If you have been following the series of The Secret to Disciplining Well you know we are discussing Phase Three. If you have not been following the series you will want to circle back and read Phase 1 and Phase 2.
The Secret to Disciplining Well occurs in 3 progressive stages:
Phase 1 Instruction. Phase 2 Correction. Phase 3 Sanction.
Sanctions or punishment is the last phase of the disciplining well progression.
Here is what sanctions, as they relate to parenting well, look like:
- They occur only after instruction, retraining, and correction have been used.
- They happen infrequently.
- They last for a short period of time.
- They are administered following a warning.
- They are not exercised in anger.
- Their purpose is to change hearts and behavior going forward.
4. Taking away stuff, activities, or privileges. Remove the child’s currency if it relates to the crime. Keep the punishment logical, use natural consequences so the child relates the undesirable behavior to the punishment. If the teen comes home later than his curfew, perhaps he can owe you time by having to wake up early and do some work for you.
We can turn even the 3rd phase of discipline (punishment, sanction) into training. A general rule of thumb is to start small. You can always go bigger. Rather than grounding the rascal for life–administer a shorter time period combined with effectively training your child’s character while correcting his behavior.
Punishment is not for parents to use so they feel they have regained control. Punishment ought to be used to help the child learn to control his actions and alter his attitude.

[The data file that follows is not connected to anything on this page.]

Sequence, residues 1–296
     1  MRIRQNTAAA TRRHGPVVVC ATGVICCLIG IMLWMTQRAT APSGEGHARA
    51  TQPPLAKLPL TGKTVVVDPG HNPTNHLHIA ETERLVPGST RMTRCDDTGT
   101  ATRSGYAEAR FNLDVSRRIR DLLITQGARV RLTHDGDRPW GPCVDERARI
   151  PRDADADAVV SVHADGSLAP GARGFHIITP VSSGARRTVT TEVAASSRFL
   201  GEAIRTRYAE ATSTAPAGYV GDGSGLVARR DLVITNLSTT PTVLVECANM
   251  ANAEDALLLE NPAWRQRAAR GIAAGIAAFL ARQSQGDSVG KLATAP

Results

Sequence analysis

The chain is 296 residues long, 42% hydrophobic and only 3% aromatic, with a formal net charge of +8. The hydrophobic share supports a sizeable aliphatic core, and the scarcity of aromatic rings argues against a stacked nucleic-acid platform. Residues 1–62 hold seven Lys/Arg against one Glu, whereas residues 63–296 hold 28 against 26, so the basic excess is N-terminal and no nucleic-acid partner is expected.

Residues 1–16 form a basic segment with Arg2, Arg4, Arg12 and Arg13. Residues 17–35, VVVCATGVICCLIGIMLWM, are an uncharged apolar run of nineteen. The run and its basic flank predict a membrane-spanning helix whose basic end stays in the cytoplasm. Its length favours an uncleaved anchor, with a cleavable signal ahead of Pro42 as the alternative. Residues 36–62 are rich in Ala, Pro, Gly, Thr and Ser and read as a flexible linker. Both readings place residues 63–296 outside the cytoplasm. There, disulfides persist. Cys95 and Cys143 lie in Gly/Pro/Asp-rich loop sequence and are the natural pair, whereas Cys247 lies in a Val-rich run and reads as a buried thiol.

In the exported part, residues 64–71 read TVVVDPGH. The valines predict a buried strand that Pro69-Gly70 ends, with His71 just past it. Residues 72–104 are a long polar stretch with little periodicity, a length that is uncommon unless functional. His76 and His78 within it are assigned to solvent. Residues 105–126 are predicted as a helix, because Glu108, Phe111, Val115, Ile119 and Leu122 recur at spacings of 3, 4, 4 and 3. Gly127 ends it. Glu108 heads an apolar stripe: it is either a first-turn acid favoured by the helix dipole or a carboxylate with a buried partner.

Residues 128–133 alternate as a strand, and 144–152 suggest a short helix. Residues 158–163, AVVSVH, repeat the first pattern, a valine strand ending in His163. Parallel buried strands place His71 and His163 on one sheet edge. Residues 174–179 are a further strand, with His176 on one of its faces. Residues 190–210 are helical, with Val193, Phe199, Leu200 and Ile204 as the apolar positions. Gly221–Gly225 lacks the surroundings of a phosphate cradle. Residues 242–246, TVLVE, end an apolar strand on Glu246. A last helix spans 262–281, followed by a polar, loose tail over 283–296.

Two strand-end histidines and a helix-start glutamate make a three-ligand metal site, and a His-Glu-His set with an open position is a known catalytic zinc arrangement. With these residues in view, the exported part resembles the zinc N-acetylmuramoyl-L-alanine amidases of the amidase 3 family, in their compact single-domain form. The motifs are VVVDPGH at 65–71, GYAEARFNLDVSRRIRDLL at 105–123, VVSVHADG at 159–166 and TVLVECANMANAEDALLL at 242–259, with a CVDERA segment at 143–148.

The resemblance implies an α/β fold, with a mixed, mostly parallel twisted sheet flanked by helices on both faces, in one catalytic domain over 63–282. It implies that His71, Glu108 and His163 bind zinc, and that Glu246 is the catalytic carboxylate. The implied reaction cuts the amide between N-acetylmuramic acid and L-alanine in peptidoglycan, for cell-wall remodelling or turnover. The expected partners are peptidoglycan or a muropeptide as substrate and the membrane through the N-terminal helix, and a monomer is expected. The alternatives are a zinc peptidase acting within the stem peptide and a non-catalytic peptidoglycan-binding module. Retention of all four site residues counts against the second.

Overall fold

co-founder of 1Corinthians13Parenting.com, co-author of 3 parenting books, mom of four (plus one daughter-in-love) Contact Lori for your next event. She is also available for parent consulting and parent training courses.
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About the Author
Lori Wildenberg is a licensed parent and family educator, parent coach, and co-founder of 1Corinthians13 Parenting.com. She has written 6 books including Messy Journey: How Grace and Truth Offer the Prodigal a Way Home; The Messy Life of Parenting: Powerful and Practical Ways to Strengthen Family Connections; and her most recent book, Messy Hope: Help Your Child Overcome Anxiety, Depression, or Suicidal Ideation. Contact Lori for your next event or for parent consulting or parent training courses. Lori can also be found mentoring over at the MOMS Together Group on Facebook.